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Monday, December 06, 2010

Energy Innovation 2010: Rethinking Energy Innovation

Leading think tanks sponsor day-long conference rethinking energy innovation in the United States: getting to scale, making clean energy cheap, securing American leadership.

After two years of often-tumultuous debate in Congress, the national debate over energy and climate change policy has now been altered: cap and trade policy efforts have run aground in Congress, perhaps fatally, and Republicans are ascendant, reshaping the national political landscape. Meanwhile, with economic recovery the top priority for the public and policymakers alike, America’s clean tech competitors are surging ahead, raising the stakes for energy policy.

Against this backdrop, support is growing on both right and left for new national investments in energy innovation that can help address some of the most urgent imperatives of our time – renewing the economy, improving energy security and public health, and overcoming key environmental challenges.

A growing chorus of voices thus counsels a renewed national commitment to develop breakthrough energy technologies – and to the reform of America’s energy innovation system itself.

In recent months, energy experts have advised policymakers to: take a page from the nation’s long history of successful military research and procurement; build on the success of agricultural research stations and the National Institutes of Health by establishing new innovation institutes and clusters nationwide; promote the right mix of both competition and collaboration to spur innovation and productive knowledge spillover; reform energy subsidies to reward innovation; and restructure business taxes to promote investment in the building blocks of an innovation economy.

On December 15th, a group of America’s leading policy think tanks will host a day-long conference in Washington D.C. to rethink energy innovation.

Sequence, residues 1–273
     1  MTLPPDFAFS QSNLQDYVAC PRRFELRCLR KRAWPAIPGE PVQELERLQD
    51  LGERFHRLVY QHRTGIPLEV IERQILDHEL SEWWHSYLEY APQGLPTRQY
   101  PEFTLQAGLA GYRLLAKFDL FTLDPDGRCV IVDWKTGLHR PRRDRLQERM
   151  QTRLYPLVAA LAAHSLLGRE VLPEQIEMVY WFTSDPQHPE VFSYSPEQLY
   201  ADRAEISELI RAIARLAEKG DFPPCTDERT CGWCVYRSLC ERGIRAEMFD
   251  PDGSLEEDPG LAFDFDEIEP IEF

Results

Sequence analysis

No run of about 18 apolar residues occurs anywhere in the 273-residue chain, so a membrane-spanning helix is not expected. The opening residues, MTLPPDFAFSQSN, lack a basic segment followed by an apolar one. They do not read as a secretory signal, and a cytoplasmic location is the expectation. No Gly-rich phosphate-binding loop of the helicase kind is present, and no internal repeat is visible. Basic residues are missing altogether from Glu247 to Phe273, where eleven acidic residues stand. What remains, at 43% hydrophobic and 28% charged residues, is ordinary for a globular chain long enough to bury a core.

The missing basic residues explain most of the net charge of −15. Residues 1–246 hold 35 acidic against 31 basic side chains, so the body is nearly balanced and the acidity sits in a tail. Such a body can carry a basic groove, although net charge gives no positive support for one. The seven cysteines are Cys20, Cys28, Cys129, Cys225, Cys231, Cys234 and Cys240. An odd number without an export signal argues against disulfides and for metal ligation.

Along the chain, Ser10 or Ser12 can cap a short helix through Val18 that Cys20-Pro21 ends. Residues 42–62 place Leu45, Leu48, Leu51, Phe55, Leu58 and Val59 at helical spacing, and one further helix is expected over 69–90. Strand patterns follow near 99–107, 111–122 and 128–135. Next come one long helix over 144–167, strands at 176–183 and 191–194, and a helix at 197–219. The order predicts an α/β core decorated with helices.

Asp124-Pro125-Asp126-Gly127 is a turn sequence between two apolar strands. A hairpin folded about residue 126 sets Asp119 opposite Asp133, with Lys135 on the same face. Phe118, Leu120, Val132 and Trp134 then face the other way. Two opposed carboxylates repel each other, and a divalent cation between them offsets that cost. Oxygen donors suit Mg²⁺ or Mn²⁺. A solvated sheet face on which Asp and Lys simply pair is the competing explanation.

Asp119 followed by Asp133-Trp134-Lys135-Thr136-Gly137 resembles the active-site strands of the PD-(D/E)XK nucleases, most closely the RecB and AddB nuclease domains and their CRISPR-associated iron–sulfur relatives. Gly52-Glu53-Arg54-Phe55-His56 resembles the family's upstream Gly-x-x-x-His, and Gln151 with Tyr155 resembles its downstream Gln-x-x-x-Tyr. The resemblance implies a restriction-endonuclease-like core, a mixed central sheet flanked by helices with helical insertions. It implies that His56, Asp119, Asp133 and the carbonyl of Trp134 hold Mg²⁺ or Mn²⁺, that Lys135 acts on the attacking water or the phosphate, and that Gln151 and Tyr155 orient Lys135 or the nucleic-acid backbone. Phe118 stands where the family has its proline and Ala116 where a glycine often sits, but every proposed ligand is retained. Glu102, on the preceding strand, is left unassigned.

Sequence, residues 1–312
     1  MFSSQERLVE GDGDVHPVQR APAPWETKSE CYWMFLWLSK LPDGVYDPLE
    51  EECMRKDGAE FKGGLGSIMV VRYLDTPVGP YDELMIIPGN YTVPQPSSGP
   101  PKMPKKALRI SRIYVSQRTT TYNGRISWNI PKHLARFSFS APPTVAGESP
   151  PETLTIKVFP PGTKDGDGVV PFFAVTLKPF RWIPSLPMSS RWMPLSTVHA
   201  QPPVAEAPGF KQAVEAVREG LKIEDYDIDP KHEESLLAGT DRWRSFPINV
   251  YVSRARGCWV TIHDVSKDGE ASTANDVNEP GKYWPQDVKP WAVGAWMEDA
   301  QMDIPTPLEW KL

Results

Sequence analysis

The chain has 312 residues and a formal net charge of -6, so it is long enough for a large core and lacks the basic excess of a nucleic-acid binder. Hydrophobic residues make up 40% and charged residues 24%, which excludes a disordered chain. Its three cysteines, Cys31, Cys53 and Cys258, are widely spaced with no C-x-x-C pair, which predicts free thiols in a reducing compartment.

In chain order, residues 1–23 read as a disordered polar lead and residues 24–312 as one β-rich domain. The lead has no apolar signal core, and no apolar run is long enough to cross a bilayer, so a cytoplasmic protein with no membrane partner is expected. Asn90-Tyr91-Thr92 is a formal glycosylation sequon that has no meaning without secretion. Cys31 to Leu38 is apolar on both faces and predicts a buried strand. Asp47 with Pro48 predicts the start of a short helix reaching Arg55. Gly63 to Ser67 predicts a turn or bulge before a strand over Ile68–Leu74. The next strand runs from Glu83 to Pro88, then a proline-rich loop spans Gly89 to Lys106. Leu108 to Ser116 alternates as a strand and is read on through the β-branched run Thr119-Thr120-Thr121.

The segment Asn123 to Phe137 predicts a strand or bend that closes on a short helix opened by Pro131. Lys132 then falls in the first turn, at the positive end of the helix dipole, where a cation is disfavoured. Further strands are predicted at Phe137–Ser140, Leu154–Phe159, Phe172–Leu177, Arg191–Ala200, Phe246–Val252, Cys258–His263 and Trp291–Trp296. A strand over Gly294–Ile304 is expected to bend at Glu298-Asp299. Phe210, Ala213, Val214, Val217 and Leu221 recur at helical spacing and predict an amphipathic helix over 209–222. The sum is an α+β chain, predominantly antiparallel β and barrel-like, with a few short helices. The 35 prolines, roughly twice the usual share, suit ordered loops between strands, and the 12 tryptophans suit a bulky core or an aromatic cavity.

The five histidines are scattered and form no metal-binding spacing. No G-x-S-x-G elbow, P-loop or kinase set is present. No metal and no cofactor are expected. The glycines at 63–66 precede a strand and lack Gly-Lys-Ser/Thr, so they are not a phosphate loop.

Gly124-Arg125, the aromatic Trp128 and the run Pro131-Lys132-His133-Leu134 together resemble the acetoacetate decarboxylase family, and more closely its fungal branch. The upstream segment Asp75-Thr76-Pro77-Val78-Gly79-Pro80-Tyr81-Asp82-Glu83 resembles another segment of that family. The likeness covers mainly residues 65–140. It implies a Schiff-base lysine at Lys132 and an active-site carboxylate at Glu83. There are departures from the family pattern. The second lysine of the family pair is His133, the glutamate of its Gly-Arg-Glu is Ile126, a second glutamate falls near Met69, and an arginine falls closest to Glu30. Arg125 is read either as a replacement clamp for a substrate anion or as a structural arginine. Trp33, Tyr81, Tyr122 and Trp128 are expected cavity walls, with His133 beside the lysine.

Energy Innovation 2010, held at the National Press Club, will bring together leading experts from government, think tanks, academia, and business to ask hard questions about how energy innovation efforts can be brought to scale, how the innovation system must be restructured and reformed, and how to renew the kind of active partnerships between the public and private sectors that were responsible for so much of America’s prior technological innovation and economic strength.

The free, day-long conference is sponsored by the Information Technology and Innovation Foundation and the Breakthrough Institute, with the American Enterprise Institute, Third Way, Clean Air Task Force, Consortium for Science, Policy and Outcomes, Securing America’s Future Energy, and the Brookings Institution. The conference organizers are pleased to welcome and Yale Environment 360 as media sponsors for the event.

Registration for Energy Innovation 2010 is free, but required in advance as space is limited, so register now.

Head here to find more information, see the full conference agenda and register today.

1 comment:

guardianangel said...

If placed in the gulfstream there are two phases of operation. Cooling and Non- Cooling phase. In cooling phase it upwells cooler water to the surface to regulate Sea Surface temps anywhere between 70 and 90 degrees to the nearest 1/10 of a degree while generating enormous amounts of hydro electrical power from the Kinetic energy in the gulf stream current. In non-cooling phase just the warm water flows through it but it still generates the electrical power. They actually regulate climate.